Apple's new deal with the MLB could put an iPad Pro in every dugout

With Major League Baseball's opening day fast approaching, you might notice a late addition to your favorite team's roster. While this player can't necessarily take the field or hoist a bat, it certainly has the potential to change the way your hometown team plays ball.

Thanks to a freshly-penned deal with Apple, the league will bring new iPad Pro tablets to dugouts in every stadium this season, marking a softening of the rule that has long prevented coaches and players from using laptops, smartphones or tablets after the first pitch.

In addition to rugged, branded cases, the 12.9-inch devices will be equipped with a customized "MLB Dugout" app that can provide scouting information and video for in-game analysis. The MLB and Apple worked together during the offseason to create the app based on feedback from limited testing with iPad Air 2 tablets last year.

"Our collaboration with Apple on the use of iPad Pro in dugouts and bullpens is part of our ongoing effort to introduce extraordinary technology into our game," said MLB Commissioner Rob Manfred on "We are pleased that Apple's groundbreaking products, which have already improved the access that fans have to our sport, will now inform the decisions that make our games interesting and exciting throughout the year."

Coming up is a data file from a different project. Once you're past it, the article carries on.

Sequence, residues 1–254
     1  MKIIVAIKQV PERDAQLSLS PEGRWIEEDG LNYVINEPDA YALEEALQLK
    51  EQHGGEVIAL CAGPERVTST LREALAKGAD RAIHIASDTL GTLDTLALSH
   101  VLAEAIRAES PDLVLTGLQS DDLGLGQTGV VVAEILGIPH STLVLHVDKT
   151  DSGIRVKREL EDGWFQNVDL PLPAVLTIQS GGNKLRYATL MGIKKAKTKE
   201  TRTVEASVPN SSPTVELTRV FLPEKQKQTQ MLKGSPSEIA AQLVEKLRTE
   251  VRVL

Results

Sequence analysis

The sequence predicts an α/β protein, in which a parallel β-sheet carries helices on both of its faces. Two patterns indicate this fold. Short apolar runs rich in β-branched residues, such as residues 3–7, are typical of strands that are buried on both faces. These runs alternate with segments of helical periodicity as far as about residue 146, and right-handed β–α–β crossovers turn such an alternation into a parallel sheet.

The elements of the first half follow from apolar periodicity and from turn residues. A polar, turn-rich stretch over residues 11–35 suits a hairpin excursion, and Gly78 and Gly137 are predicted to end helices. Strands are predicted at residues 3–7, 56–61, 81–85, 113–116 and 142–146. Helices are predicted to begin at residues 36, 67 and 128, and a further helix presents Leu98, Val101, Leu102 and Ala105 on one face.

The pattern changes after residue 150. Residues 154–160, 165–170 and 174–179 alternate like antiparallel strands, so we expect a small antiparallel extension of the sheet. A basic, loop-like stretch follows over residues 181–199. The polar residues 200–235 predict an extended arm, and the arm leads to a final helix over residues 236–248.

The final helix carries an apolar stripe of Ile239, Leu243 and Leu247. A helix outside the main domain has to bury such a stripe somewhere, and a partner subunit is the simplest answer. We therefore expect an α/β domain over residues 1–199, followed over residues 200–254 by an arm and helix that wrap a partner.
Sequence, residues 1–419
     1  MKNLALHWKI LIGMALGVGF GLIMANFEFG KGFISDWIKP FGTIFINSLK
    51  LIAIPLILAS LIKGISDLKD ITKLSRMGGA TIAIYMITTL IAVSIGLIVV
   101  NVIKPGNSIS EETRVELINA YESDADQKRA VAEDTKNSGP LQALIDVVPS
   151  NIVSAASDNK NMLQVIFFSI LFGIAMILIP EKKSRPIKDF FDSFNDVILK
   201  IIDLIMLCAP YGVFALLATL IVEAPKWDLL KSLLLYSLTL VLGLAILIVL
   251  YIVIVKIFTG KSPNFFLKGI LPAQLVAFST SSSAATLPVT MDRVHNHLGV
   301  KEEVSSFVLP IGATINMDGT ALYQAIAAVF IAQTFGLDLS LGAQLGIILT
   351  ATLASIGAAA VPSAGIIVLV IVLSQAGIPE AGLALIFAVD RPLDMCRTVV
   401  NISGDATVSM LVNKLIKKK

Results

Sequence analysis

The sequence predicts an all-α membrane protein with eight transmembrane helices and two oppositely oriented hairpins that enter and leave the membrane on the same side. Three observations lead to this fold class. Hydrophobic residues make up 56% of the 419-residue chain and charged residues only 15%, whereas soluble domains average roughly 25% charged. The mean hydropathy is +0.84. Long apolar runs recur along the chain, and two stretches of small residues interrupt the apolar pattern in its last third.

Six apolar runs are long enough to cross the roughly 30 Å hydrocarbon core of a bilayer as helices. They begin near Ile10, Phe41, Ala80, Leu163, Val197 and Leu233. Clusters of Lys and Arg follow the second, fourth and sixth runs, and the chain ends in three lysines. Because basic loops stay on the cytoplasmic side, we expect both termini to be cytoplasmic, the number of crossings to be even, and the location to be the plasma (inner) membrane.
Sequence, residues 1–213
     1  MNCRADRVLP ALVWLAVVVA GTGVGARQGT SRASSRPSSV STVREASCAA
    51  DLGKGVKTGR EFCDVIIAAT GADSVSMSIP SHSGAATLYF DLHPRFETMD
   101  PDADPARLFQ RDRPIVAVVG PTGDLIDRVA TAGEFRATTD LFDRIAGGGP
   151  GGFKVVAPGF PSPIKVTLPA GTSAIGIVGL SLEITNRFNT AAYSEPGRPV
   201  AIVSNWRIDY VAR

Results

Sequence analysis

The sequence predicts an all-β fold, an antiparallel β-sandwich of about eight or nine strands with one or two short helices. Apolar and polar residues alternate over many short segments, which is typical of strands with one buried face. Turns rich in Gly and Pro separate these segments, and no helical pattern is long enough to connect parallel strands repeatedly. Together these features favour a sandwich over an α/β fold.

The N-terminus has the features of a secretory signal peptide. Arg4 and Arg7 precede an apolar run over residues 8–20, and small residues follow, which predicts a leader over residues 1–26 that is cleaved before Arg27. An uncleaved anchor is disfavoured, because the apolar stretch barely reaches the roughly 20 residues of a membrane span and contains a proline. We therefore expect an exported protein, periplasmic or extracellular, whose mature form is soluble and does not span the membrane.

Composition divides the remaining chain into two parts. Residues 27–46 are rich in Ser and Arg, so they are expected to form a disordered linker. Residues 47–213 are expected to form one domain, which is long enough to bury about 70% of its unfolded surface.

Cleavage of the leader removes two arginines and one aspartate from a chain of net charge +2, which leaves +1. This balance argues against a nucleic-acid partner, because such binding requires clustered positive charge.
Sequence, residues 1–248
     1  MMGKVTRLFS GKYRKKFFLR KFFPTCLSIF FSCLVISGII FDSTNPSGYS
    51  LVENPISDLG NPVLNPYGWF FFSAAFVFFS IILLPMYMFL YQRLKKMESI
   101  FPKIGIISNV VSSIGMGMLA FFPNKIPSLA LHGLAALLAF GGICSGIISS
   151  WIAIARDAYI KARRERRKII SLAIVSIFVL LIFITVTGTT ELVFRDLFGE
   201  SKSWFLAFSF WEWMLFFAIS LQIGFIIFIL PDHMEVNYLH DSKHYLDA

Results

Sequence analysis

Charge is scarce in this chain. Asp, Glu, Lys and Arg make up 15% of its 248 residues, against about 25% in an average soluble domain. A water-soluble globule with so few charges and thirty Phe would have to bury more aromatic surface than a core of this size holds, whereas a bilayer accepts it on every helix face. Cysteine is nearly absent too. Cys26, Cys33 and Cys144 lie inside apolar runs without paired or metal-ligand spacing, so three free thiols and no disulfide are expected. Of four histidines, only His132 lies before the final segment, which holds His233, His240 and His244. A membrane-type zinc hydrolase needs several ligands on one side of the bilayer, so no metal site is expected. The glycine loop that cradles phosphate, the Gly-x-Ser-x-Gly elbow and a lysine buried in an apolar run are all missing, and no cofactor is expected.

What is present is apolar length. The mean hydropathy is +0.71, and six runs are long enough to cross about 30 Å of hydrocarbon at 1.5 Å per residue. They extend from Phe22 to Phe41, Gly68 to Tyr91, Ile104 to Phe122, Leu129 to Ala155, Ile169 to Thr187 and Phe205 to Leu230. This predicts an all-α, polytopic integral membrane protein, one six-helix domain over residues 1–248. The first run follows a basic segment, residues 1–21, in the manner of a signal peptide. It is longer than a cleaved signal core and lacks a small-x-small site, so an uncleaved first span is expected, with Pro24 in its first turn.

While the league has been willing to innovate and absorb technology to a degree, there are some aspects it still wishes to keep out of America's pastime.

The tablets will not be allowed to connect to the Internet or stream video during games. Instead, they will sync with locally available data before each game via network cables installed in home and away dugouts during the offseason. Not only will they give coaches and players quick access to information that once had to be printed, stored and accessed in clunky binders for each game, but they make data come alive in new ways.

For example, the iPad Pros will use specialized tracking technology to analyze pitch-by-pitch situational data from last season, giving coaches the opportunity to make game-time decisions aided by on-demand data.

As a number of news sources have pointed out, the deal is reminiscent of Microsoft's contract with the National Football League, which put the Surface tablet on the sideline of gridirons around the country. While the Microsoft deal requires every league coach to use the technology, however, Apple's partnership with the MLB simply makes the tablets available to those who choose to use them.

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